Do Snakes Become Less Active When They're Going Into Shedding?

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Snakes, like all animals -- including humans -- shed their skins. While humans shed skin cells in an ongoing process, to the tune of millions of tiny cells each day, snakes shed theirs all at once, two to four times a year. Several signs indicate when a snake is about to shed its skin, including inactivity.

Slows Down

The first sign that your snake is about to shed is when your normally active reptile begins to act lethargic or seems to hide. This period lasts from one to two weeks, until shedding starts in earnest. In the wild, snakes are more vulnerable during the shedding process, and pet snakes follow their instincts to hide. Provide your pet snake with privacy, and don’t handle him unless absolutely necessary. A scared snake can become an aggressive snake.

Blue-Eyed Snakes

During the period of decreased activity, a snakes eyes become dull and take on a blue hue. During shedding, snakes secrete a fluid to help separate the old skin from the new, and this fluid runs under his specialized eye caps, resulting in the opaque or blue quality of the eye. The snake’s vision is impaired at this point, another reason his activity level slows and he feels vulnerable. The eyes become clear again in about 7 to 15 days, and the snake starts actively rubbing against rough surfaces to aid him in removing the old skin.

Decreased Appetite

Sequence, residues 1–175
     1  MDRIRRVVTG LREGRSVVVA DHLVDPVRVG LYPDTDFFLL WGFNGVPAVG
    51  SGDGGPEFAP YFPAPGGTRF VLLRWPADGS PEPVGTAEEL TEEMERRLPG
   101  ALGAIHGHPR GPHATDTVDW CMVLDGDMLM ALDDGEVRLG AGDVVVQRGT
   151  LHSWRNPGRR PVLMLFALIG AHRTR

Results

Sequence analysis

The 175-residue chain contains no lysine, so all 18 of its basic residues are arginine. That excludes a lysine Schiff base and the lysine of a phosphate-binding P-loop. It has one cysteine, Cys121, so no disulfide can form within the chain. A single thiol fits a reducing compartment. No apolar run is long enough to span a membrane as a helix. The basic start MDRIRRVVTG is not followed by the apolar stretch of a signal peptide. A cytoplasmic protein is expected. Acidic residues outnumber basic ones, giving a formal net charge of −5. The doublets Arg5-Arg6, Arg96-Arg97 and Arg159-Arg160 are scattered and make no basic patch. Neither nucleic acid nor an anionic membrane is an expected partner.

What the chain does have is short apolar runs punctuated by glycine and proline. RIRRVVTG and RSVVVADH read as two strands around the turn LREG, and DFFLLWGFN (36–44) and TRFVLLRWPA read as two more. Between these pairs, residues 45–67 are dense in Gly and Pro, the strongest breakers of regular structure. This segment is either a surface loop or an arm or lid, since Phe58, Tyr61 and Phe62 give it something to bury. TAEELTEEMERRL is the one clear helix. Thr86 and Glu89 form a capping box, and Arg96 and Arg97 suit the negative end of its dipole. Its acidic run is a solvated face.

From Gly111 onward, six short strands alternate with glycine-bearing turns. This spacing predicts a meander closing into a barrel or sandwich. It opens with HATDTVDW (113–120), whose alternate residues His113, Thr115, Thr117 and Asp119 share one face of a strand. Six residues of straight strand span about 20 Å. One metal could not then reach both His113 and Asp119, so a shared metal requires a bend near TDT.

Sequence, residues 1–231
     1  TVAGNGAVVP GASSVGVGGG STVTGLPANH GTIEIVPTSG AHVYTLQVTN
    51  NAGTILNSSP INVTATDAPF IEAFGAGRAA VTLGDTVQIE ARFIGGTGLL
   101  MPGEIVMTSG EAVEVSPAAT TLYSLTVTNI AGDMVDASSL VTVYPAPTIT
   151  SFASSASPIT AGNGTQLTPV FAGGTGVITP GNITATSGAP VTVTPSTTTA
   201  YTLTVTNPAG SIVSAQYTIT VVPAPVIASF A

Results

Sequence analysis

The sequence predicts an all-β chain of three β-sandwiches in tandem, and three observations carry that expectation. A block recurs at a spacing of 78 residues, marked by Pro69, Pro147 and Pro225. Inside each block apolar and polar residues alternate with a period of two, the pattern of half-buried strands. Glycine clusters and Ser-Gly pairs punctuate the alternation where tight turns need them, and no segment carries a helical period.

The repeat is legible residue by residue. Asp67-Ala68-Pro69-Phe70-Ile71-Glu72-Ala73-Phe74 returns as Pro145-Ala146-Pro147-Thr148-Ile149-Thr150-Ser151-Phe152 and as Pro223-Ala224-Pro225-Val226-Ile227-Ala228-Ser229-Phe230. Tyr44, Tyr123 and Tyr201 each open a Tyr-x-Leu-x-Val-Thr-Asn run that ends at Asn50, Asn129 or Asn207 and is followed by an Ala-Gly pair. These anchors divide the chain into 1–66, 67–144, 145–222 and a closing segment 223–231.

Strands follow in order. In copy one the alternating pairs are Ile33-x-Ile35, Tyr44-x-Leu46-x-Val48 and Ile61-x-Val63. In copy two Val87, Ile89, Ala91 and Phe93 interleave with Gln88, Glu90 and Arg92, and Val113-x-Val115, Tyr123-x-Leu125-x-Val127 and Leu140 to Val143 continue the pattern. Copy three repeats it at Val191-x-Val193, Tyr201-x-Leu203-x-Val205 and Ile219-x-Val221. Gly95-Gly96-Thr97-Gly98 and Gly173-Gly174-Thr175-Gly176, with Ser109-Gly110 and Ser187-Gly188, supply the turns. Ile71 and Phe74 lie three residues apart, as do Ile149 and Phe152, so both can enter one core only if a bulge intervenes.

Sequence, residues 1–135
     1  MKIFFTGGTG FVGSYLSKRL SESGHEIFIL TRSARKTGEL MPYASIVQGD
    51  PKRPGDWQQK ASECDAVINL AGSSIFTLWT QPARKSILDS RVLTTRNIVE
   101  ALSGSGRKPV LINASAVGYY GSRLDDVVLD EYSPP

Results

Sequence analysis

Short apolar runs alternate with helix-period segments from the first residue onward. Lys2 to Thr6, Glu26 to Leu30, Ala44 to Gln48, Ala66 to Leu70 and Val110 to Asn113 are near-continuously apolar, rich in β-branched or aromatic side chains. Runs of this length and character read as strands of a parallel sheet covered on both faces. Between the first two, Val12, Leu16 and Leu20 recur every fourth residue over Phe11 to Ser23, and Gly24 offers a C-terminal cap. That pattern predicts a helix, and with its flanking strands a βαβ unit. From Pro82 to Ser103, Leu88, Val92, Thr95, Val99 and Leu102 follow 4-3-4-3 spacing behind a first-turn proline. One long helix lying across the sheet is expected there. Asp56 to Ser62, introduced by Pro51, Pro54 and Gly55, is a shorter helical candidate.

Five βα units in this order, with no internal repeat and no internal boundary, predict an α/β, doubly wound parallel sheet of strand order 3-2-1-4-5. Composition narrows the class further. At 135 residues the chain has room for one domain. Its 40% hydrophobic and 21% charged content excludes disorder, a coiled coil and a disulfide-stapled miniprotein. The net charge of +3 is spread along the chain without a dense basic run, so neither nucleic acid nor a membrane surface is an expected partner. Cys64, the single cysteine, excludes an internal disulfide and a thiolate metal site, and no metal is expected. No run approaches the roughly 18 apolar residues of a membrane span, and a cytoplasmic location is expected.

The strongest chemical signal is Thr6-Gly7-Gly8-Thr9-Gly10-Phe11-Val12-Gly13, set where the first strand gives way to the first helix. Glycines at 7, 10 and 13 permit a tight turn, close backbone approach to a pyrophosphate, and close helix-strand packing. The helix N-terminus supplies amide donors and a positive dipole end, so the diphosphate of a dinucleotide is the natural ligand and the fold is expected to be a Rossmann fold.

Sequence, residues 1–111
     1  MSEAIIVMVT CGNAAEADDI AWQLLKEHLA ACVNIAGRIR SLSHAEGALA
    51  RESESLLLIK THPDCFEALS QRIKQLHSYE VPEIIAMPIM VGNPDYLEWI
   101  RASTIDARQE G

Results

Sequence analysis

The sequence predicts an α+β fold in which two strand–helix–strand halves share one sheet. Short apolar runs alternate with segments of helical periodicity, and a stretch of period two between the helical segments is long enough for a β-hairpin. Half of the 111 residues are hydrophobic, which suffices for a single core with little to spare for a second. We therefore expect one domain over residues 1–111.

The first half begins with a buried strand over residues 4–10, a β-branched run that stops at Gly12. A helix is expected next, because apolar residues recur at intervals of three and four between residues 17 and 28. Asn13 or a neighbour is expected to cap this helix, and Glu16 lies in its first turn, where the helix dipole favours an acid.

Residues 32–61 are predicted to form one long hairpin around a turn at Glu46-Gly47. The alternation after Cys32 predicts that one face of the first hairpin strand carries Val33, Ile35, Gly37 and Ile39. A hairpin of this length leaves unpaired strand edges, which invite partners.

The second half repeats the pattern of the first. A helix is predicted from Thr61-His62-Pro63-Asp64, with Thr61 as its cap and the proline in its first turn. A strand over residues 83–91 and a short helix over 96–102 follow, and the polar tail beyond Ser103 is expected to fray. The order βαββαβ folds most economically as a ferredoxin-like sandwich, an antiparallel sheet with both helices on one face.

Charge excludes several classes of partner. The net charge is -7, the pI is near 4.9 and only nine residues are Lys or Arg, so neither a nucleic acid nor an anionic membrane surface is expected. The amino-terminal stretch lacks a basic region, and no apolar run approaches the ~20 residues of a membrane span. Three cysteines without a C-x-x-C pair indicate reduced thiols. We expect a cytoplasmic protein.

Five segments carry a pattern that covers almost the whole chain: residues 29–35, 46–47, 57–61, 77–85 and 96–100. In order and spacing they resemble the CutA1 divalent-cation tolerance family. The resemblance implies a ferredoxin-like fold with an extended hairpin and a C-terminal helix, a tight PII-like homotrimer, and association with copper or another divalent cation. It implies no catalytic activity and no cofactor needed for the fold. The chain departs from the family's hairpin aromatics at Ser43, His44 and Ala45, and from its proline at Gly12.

Along with decreased activity, snakes eat less when they begin to shed. Some snakes might eat in the very early phases of shedding, but most stop eating until their eyes become clear again. Still others won’t eat until their shed is complete.

Natural Brumation

In the wild, snakes brumate in cold weather. Brumation is the reptilian equivalent of hibernation. Depending on the temperature, an inactive snake might be getting ready to go into brumation. Because reptiles are ectothermic and cannot generate their own heat, in cold weather they seek out a warm, safe hiding place where their metabolism slows to the bare minimum. They don’t actually sleep, but they rest until the temperatures begin to warm again.

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Author

Leslie Darling has been a writer since 2003, writing regularly for "Mississippi Magazine" and "South Mississippi Living," specializing in food and wine, animals and pets, and all things Southern. She is a graduate of the University of New Orleans.